Title: Testing across nations and cultures: issues and complexities

Authors: Barbara M. Byrne

Addresses: School of Psychology, University of Ottawa, Canada

Abstract: Scientific inquiry that focuses on multi-group comparisons across national borders can be fraught with problems. Of critical import is empirical evidence that the assessment scale is operating equivalently across groups with respect to perceived item content and dimensionality of the underlying construct. When comparisons are conducted across culture, the process is complex and becomes increasingly so as the number of groups increases and the geo-cultural bases diverge. Structural equation modelling (SEM) provides the most rigorous approach to testing for these equivalencies. The intent of this article is to: a) highlight commonly-held assumptions in testing across national groups; b) outline steps involved in testing these assumptions within the framework of SEM; c) identify three types of test bias effects and exemplify how they can impact cross-national comparisons; d) describe and evaluate translation versus adaptation of a measuring instrument from one language and culture to another language for use in another culture.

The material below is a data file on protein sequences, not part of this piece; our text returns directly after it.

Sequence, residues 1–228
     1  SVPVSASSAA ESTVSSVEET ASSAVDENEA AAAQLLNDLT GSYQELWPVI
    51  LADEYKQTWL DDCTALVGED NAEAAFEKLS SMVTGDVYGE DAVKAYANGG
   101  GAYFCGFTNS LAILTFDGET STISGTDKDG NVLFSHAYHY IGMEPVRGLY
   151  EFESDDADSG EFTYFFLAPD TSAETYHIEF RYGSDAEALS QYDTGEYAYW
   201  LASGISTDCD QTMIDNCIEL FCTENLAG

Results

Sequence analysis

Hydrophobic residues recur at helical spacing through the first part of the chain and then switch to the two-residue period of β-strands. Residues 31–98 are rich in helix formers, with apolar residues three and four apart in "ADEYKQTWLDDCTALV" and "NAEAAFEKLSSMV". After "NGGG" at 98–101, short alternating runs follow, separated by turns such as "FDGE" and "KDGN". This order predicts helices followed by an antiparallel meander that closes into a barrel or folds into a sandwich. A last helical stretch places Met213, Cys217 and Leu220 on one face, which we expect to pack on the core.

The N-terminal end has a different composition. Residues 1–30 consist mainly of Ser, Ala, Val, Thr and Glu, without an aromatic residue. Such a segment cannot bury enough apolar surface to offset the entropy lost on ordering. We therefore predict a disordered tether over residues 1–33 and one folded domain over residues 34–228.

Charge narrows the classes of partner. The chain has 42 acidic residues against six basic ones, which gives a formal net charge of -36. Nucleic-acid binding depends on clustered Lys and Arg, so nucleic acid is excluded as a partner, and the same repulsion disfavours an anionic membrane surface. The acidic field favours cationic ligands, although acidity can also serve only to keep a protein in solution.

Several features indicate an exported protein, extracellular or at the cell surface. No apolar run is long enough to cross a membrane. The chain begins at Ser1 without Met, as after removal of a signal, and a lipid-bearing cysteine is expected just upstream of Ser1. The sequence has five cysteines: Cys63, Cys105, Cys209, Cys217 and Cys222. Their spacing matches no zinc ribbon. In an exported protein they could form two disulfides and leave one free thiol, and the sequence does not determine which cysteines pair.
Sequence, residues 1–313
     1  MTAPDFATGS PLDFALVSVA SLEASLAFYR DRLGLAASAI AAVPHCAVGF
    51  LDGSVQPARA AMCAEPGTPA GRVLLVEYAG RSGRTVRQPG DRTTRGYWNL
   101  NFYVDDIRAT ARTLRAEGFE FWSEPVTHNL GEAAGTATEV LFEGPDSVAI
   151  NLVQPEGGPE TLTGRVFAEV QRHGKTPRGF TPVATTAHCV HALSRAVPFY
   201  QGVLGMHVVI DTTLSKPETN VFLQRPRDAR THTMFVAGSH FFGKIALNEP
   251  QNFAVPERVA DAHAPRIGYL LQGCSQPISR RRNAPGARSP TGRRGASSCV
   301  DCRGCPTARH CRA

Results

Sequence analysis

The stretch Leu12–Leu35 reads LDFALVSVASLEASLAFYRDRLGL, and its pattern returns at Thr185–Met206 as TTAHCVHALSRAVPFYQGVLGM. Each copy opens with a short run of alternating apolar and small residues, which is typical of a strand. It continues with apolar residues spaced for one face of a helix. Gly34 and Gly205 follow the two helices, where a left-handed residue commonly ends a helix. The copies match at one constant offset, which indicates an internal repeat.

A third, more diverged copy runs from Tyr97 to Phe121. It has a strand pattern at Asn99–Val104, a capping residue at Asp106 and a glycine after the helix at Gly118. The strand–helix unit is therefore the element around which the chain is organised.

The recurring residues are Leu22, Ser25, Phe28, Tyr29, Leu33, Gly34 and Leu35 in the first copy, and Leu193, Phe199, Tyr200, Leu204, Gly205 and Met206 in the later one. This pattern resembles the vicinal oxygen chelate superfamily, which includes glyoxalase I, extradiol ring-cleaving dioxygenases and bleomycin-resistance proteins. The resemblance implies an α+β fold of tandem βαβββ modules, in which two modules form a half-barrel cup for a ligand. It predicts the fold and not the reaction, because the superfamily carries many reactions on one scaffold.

Keywords: cross-cultural research; measurement scale equivalence; structural equation modelling; SEM; testing; national groups; test bias effects; measuring instruments; measuring instrument adaptation; measuring instrument translation; language; culture.

DOI: 10.1504/IJBG.2015.067434

International Journal of Business and Globalisation, 2015 Vol.14 No.2, pp.170 - 186

Published online: 12 Feb 2015 *

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